Due to the sheer number of cartridge and printer models, it can be hard to find the right replacement ink.
Sometimes printer and cartridge numbers look like they match, but you only end up with a cartridge that’s not compatible.
The long alphanumerical codes they’re labeled with usually seem (and partly are) arbitrary - HP printers and cartridges included.
The cartridge naming system is clear in its entirety to HP only. But there are bits of info we can decode.
So, let’s tackle this HP cartridge (and printer) naming system to help you get fresh ink in no time.
HP Cartridge Code Explanation
HP labels their cartridges with a short, easy-to-remember name (like HP 96A) and another, longer product code (C4096A for the same model).
The coding system is useful in the HP supply chain - but it doesn't really tell much to an average user.
So, we'll focus on the commercial name of your HP cartridges.
We can easily determine the yield of both ink and toner cartridges from their names. However, it’s hard to bring any conclusions about the meaning of the numbers in HP cartridge codes.
These are useful to determine cartridge series or generations, but no public categorical information was revealed by HP.
So, here is what we know for sure about HP cartridge code names:
HP Ink Cartridge Codes
There are many versions and variations of ink cartridge codes HP uses, but they mostly consist of two or three digits. This is the basic model number.
Most cartridge models come in a few versions: from normal to high yield. HP marks this at the end of the code with the XL mark for high-yield ink cartridges.
This system can get confusing - it’s best if we use an example:
HP OfficeJet Pro 6970 (as well as most of the 69XX series) uses three different variations of black ink cartridges:
- HP 902 Black with a yield of 300 pages
- HP 902XL Black with a yield of 750 pages
- HP 906XL Black with a yield of 1,500 pages
HP Toner Cartridge Codes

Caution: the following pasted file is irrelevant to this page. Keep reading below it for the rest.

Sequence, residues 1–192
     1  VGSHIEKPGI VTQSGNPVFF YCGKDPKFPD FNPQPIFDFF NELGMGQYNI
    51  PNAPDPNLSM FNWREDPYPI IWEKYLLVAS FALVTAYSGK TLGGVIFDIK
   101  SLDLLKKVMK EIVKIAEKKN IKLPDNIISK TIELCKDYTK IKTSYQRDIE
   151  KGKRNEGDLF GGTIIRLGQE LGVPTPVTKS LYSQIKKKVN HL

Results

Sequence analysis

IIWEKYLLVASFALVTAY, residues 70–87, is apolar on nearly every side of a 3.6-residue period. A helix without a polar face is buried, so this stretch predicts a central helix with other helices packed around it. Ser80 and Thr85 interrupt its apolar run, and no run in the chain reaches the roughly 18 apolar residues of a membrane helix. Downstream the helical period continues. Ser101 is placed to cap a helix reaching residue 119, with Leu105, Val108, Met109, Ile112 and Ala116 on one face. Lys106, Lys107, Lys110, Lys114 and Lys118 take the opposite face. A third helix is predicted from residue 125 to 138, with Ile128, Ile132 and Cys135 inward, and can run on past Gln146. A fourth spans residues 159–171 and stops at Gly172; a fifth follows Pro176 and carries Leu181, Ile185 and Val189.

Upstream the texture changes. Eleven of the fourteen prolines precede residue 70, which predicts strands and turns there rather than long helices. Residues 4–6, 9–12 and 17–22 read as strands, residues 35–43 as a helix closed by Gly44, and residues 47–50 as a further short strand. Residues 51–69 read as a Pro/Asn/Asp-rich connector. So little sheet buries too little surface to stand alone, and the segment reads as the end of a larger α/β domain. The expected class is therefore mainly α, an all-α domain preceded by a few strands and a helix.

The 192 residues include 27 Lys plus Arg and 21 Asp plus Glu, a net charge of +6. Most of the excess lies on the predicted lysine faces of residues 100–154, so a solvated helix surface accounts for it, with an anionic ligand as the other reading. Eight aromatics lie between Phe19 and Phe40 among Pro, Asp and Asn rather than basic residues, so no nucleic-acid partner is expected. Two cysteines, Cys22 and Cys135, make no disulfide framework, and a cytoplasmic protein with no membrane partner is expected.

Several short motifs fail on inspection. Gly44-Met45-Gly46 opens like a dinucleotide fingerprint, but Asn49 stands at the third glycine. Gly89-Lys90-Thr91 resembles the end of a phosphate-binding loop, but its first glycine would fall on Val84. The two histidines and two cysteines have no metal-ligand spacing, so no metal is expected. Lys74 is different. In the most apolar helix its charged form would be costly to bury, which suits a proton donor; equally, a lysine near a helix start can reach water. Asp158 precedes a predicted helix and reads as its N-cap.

Laser toner cartridges also come in different yields, especially the color black. However, it’s not as easy as finding an XL mark. For toner, HP uses a different labeling system with 3 cartridge sizes:
- Mark A for standard yield HP toners
- Mark X for high-yield HP toners
- Mark Y for extra-high-yield HP toners
They all fit the same printers, and may even physically be the same, but contain different amounts of toner.
Let’s paint the picture with another example:
If we take HP LaserJet Enterprise M507dn as our printer, we know that it’s a monochrome printer from the M in its name. So, the options for black toner would be:
- HP 89A with a yield of 5,000 pages
- HP 89X with an extra yield of 10,000 pages
- HP 89Y with an incredible yield of 20,000 pages
Your toner set doesn’t have to be all identical - it may even contain standard-yield color cartridges and a high-yield black one.
How To Understand HP Printer Model Names
Knowing how to decode your HP printer model name can help with the selection of ink/toner cartridges.
They mostly use letter combinations to convey the printer features, while the numbers don’t tell us much.
Here’s a quick guide to understanding HP printer model names:
- C/M/B - determines the color of the printer (Color and Monochrome, or Black). Check this out to know if you need the black cartridge only, or 4 cartridges - three colors and black.
- MFP/MFC - multifunction printer or multifunction copier
- F - the printer has a fax feature
- BT/W/N - marks the printer’s connectivity (Bluetooth, Wireless, and Network for printers with a LAN port)
- H - the printer has access to a hard drive
- I - lets you know that the printer has imaging capabilities
- D - the printer supports duplex printing
- E - supports HP+ printing solutions
- T - the printer comes with at least one extra paper tray
- X - this tells us that the printer has at least duplex printing, an extra tray, and networking on board. There can be other letters after the X mark, meaning there are additional features.
Get Compatible Cartridges Hassle-Free
As you can see, the only reliable thing HP tells us about their ink/toner cartridges is their yield (and the levels of it). Besides that, their cartridge numbering doesn’t exactly make sense.
To sum it up: On HP ink cartridges look for XL markings (and potentially a similar number like the 902 and 906XL). When it comes to toners, look for A, X, and Y marks in the name.
All of this can be a hassle if you just want some fresh toner. You can always simply find the right cartridge for your HP printer on our HP toner page and get back to printing asap!